General Science and Teaching

NGSS has changed student performance - YAY!

Thu Mar 01, 2018 11:40 PM

What are 1 or 2 positive experiences you have seen by implementing NGSS standards?

Jason Shern
Jason Shern
80 Activity Points

Sat Mar 03, 2018 3:52 PM

If I must be restrained at just 2 positive things then I must say student empowerment and bringing "figuring out" back to the forefront of the classroom. I am a high school teacher and students are so used to being told what they need to know. Then they begin the old habit of consuming and regurgitating. NGSS, with its storyline and building from phenomena to figuring it out, motivates students to use what they learn to solve the mystery. They now need the content to explain the situation. We are not giving out useless content but answering the old adage question of "when will I ever use this info?" The answer is right now. I provide my students will real-world problems and then tell them we are going to figure it out as we move through the unit. Students are genuinely curious to see where this leads and become surprised at themselves for how much they have learned.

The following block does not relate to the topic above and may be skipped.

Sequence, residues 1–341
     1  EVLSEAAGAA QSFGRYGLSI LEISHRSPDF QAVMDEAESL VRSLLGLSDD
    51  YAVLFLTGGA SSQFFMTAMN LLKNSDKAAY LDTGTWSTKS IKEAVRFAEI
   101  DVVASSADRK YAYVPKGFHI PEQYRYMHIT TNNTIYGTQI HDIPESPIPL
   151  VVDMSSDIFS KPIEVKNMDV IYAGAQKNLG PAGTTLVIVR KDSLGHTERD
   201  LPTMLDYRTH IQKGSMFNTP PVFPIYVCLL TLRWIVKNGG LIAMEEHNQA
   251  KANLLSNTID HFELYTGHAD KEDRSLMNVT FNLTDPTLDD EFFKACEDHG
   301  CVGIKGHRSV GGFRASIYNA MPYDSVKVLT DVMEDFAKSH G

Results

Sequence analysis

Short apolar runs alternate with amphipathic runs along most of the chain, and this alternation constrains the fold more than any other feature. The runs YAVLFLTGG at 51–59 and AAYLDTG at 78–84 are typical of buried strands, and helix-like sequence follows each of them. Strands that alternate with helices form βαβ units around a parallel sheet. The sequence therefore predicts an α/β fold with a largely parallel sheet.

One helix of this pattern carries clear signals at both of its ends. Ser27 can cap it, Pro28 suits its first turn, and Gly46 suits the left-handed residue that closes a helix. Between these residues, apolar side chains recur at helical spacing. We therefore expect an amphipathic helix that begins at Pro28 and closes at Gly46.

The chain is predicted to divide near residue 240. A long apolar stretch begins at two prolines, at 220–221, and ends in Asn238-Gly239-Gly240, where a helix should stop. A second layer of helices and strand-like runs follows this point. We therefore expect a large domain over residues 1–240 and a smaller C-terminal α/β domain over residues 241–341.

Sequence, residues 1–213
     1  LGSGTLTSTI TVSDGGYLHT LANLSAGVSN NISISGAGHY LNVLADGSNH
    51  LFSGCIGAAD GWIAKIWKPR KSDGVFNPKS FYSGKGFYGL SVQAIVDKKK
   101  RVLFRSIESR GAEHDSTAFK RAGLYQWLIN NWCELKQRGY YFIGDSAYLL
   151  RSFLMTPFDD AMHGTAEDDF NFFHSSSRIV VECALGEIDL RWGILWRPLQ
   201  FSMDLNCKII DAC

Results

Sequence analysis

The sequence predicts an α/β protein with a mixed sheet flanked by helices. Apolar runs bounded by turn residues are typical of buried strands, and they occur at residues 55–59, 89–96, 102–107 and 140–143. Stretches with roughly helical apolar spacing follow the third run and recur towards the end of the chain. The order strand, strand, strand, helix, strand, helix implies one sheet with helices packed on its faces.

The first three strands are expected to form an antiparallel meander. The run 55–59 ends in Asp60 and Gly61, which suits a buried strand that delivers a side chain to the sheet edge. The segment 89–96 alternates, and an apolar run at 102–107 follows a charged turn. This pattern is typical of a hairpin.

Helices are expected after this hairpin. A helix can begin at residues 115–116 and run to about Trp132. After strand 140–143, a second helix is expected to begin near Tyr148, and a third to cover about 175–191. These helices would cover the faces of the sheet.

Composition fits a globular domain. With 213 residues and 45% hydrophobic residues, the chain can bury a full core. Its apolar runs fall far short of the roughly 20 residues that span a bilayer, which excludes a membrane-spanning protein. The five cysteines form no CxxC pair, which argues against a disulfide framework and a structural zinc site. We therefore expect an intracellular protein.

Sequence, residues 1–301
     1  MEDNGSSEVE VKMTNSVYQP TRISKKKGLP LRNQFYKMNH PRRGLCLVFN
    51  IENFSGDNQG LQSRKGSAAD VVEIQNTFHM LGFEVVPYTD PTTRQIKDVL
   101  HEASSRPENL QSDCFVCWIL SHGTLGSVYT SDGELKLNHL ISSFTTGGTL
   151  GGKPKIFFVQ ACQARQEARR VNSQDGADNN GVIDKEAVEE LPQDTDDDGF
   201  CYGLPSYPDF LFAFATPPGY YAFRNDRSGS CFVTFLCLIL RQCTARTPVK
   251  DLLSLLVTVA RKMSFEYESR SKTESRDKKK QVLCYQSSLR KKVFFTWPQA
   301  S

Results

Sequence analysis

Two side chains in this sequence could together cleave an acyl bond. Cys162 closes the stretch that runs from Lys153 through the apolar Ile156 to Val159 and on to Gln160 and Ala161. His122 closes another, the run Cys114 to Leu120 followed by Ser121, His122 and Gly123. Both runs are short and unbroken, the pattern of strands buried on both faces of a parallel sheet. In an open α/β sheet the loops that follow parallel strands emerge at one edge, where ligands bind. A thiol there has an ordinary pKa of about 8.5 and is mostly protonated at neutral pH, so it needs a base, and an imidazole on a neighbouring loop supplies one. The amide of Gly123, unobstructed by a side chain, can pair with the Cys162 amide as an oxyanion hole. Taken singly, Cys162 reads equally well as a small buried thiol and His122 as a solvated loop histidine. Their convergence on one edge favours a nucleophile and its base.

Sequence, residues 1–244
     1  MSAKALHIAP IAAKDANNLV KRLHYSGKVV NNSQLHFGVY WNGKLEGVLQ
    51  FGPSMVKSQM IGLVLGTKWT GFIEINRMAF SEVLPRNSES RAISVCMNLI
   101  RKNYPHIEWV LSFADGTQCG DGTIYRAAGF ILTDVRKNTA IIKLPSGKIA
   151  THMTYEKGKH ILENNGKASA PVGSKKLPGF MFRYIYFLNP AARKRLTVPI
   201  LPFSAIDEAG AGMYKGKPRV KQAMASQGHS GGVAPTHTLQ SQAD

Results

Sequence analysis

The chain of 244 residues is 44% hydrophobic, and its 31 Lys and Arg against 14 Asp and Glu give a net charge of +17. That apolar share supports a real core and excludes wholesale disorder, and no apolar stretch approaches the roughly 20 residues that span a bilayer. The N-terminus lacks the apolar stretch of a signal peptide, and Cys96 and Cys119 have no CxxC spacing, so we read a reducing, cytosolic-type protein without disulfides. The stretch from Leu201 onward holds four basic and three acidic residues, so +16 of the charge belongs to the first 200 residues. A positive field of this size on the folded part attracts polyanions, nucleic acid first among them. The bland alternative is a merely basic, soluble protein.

I think this leads nicely into how empowered they are in the classroom. Students, especially high school students are vocal in their learning. It is often negative or they take to school as a checkbox approach. They are doing it because they need to pass the class. When we approach learning with this inquiry-based method we are doing more than discussing the content. We are talking about pre-planning. We are discussing how to solve problems. We are figuring out how to collaborate with others and identify strengths in different situations. Students are discovering who they are as learners and leaders in the classroom. I love the lightbulb moment when a kid is getting something. U love it, even more, when I see students build in confidence or make connections between different activities. When they are able to translate their learning or even brag about their growth. The NGSS has made this type of culture more a norm in the science classroom.

Jessica Holman
Jessica Holman
605 Activity Points

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